‘I will never be silenced’, Wilders tells court on final day of ‘fewer Moroccans’ trial

Wilders takes a selfie before making his statement. Photo: Dingena Mol / Hollandse Hoogte

Wilders takes a selfie before making his statement. Photo: Dingena Mol / Hollandse Hoogte

Geert Wilders has told judges at his trial for inciting hatred and discrimination that freedom of expression is the only freedom left to him.

Wilders, who boycotted the rest of the proceedings on the grounds they are politically motivated, decided to attend on the last day of the trial at the high security court at Schiphol airport.

‘I refuse to believe that we will give freedom up like that, we are Dutch,’ he told the panel of judges. ‘That is why we speak out… I will never be silenced by anyone.’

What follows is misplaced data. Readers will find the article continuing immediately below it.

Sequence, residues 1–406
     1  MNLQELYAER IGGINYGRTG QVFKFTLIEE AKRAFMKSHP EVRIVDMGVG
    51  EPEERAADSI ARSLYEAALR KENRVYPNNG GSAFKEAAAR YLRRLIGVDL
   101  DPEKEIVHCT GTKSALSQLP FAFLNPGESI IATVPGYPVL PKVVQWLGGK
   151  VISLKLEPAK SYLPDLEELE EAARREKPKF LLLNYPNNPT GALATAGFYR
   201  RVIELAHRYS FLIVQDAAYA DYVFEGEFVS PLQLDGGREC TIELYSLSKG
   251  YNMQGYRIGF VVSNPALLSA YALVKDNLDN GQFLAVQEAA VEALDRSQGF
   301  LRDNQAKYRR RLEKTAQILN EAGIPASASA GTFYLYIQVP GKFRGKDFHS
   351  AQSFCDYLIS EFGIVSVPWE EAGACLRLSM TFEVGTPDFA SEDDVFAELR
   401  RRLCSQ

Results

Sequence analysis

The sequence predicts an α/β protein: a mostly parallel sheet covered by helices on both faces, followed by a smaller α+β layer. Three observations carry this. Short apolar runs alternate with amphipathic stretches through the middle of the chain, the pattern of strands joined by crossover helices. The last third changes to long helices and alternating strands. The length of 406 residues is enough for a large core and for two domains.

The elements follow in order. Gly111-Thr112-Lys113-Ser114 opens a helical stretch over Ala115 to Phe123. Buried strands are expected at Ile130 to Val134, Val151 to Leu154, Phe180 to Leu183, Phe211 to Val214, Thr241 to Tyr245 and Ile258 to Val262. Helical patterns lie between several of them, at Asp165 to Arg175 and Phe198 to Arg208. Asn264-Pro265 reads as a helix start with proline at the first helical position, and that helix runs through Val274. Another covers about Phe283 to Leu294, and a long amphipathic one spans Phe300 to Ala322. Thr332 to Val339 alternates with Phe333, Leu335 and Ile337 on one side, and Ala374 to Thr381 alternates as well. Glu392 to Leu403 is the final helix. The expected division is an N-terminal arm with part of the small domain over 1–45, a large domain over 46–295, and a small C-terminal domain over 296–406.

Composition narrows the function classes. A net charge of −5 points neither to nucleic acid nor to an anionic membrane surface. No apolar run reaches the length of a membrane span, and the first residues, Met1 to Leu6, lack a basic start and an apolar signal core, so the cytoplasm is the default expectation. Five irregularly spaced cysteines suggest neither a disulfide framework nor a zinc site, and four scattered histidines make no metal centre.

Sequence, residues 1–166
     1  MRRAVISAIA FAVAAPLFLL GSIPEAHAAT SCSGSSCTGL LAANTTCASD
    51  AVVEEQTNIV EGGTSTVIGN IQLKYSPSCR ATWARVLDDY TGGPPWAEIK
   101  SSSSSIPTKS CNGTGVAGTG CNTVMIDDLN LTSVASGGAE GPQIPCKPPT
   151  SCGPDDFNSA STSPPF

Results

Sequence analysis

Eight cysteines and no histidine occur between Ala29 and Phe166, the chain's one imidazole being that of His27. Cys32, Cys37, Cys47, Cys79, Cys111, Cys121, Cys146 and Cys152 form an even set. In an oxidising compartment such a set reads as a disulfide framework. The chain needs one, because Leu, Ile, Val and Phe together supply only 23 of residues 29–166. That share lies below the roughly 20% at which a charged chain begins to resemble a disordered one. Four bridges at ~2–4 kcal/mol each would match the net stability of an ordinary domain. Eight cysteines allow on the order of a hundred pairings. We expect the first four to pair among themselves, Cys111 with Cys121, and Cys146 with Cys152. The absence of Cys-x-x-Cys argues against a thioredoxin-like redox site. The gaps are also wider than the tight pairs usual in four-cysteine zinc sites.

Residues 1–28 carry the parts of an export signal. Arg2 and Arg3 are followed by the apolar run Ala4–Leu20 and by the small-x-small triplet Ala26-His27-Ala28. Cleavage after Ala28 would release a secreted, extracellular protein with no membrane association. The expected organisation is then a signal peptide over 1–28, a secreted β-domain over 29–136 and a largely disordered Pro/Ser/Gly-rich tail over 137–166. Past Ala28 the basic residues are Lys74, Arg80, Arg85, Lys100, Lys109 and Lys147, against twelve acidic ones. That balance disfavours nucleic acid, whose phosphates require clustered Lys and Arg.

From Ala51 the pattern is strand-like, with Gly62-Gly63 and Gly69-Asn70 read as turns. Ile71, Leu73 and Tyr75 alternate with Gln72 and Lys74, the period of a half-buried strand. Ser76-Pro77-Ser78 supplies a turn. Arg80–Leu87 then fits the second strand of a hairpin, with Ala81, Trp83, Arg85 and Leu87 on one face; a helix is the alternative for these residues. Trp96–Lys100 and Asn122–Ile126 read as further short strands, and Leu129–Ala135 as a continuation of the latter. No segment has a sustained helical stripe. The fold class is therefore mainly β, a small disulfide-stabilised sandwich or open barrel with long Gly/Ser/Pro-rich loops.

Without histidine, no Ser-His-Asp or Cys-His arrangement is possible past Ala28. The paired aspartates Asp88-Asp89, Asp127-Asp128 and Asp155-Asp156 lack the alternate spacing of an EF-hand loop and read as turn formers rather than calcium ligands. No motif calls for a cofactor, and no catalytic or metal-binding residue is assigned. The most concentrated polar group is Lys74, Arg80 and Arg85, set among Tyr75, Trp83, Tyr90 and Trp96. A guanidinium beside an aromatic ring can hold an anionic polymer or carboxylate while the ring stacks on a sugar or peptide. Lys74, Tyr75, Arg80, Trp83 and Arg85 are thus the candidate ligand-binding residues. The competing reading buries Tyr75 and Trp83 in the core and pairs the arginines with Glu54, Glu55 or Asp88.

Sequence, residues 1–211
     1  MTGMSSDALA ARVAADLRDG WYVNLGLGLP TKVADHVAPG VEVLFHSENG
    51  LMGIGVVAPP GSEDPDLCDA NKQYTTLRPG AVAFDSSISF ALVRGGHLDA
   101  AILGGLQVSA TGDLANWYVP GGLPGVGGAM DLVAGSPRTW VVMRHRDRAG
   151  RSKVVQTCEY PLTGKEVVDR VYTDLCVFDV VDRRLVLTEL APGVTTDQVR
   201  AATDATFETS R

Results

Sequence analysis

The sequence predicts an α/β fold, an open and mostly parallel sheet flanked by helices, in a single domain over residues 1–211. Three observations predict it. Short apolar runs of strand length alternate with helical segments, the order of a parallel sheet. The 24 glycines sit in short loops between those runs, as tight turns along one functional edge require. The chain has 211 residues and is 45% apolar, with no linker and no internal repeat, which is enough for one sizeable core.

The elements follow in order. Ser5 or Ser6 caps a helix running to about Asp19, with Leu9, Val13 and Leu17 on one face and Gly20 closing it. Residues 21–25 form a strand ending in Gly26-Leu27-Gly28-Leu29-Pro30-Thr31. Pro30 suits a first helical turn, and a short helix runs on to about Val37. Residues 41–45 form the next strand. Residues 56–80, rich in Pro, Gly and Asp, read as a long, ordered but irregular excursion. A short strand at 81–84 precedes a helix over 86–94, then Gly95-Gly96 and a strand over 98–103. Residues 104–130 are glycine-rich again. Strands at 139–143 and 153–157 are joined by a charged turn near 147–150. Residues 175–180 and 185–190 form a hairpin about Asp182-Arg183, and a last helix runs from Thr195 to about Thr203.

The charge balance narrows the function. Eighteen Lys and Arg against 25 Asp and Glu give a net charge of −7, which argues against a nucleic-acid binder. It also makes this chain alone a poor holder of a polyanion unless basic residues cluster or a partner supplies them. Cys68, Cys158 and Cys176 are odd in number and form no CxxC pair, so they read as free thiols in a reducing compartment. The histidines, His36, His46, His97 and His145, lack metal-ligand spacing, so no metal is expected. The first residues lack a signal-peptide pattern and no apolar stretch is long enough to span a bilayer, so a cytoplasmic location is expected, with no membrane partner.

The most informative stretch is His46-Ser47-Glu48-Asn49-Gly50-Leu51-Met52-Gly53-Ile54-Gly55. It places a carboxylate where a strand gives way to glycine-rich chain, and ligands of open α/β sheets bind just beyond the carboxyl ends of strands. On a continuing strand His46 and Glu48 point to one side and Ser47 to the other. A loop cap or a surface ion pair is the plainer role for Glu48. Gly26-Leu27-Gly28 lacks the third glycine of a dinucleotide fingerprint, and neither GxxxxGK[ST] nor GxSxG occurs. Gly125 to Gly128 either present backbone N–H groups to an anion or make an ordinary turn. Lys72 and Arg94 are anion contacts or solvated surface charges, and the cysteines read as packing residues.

Wilders said he had mentioned the problem with Moroccans in the Netherlands as a politician. ‘And I will continue to do so,’ he said. ‘People who want to stop me will have to kill me first.’

Wilders described the trial as both absurd and politically motivated. ‘This trial stinks all round,’ he said. ‘It is the sort of thing that happens in Turkey or Iran… it makes a mockery of the rule of law.’


The proceedings were triggered by a speech Wilders gave in a cafe in The Hague following the local elections in 2014. He asked a room full of supporters if they wanted to see ‘more or fewer’ Moroccans in the Netherlands, prompting a chant of ‘fewer, fewer.’ Wilders replied: ‘OK, we’ll take care of that.’

The prosecution has asked the court to fine Wilders €5,000 for his comments, arguing that the politician had been ‘unnecessarily offensive’ and attacked an entire population group.

The court is due to issue its judgment on December 9.

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